Lively, entertaining reviews of, and essays on, old and newer films and everything relating to them, written by professional author William Schoell.

Thursday, January 15, 2015


Warner Oland, J. Edward Bromberg and Harold Huber
CHARLIE CHAN ON BROADWAY (1937). Director: Eugene Forde.

Charlie Chan (Warner Oland) stops over in New York with Number One Son Lee (Keye Luke) and attends yet another banquet in his honor. While this occurs, Lee winds up rounded up as a suspect in the murder of a young lady of dubious reputation, Billie (Louise Henry), whom they met on the boat. Billie was involved with Burke (Douglas Fowley of Three on a Ticket), who owns the Hottentot Club, but he now seems more interested in dancer, Marie (Joan Woodbury of Brenda Starr, Reporter). The third lady in the case is reporter Joan Wendall (Joan Marsh) who has a romantic rivalry with fellow scribe "Speed" Patten (Donald Woods). Others involved include editor Murdock (J. Edward Bromberg); slick operator Buzz Moran (Leon Ames); Thomas Mitchell (Marc Lawrence of Jigsaw) who's been following Billie; and Inspector Nelson (Harold Huber) of the NYPD. From the title one would figure this is a backstage mystery, but it has nothing to do with the theater, more's the pity, although it is reasonably entertaining if not especially memorable. Oland and Luke are as good as ever; that big-faced gal Woodbury is excellent as Marie and does a lively dance number; and Henry and Marsh are also notable. Huber is perhaps a bit too exuberant -- but good -- and Leon Ames hits the right note as he generally does. An interesting aspect to the plot is that the Hottentot Club has a "Candid Camera" Night where patrons take pictures of the other customers with their own cameras and one of them wins a prize -- nothing much comes of this, however, as the photo that figures in the solution is taken by a reporter. An unexpected denouement caps the proceedings.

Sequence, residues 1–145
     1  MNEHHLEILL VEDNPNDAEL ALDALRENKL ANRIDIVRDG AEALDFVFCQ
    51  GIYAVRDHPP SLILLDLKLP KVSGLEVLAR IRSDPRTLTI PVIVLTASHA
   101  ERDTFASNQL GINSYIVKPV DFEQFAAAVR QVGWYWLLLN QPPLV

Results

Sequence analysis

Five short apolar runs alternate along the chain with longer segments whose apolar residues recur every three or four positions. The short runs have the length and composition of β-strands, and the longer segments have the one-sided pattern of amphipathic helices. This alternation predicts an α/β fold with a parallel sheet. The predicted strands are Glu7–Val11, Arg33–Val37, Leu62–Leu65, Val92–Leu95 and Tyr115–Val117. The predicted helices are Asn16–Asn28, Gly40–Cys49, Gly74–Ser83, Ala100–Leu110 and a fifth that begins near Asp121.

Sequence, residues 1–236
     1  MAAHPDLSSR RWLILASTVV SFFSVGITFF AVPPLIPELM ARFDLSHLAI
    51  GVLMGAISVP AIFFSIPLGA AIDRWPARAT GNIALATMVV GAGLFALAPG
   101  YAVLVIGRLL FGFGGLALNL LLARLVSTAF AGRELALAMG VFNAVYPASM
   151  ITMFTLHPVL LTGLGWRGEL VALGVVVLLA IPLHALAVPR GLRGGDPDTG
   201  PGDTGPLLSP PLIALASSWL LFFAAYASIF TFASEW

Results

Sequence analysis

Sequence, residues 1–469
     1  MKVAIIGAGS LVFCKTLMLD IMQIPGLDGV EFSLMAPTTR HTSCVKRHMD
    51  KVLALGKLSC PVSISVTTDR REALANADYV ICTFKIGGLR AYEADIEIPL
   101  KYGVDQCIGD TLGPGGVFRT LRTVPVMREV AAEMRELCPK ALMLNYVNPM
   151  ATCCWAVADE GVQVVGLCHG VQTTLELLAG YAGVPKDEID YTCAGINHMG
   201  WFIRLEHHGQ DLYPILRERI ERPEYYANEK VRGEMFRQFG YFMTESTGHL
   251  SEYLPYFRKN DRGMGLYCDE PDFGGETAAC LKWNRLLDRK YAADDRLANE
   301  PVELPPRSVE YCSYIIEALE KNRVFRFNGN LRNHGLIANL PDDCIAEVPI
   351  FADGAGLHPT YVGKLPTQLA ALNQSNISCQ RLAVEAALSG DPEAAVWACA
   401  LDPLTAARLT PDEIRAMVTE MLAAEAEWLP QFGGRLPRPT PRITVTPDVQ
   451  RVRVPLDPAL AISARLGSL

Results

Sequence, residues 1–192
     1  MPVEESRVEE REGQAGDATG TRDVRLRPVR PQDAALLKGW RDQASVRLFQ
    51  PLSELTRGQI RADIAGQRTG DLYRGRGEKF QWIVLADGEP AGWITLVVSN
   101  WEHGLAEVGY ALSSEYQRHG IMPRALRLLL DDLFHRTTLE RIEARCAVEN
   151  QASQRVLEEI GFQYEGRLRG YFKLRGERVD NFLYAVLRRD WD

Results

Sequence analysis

Verdict: Amiable Chan vehicle with some good acting. **1/2.

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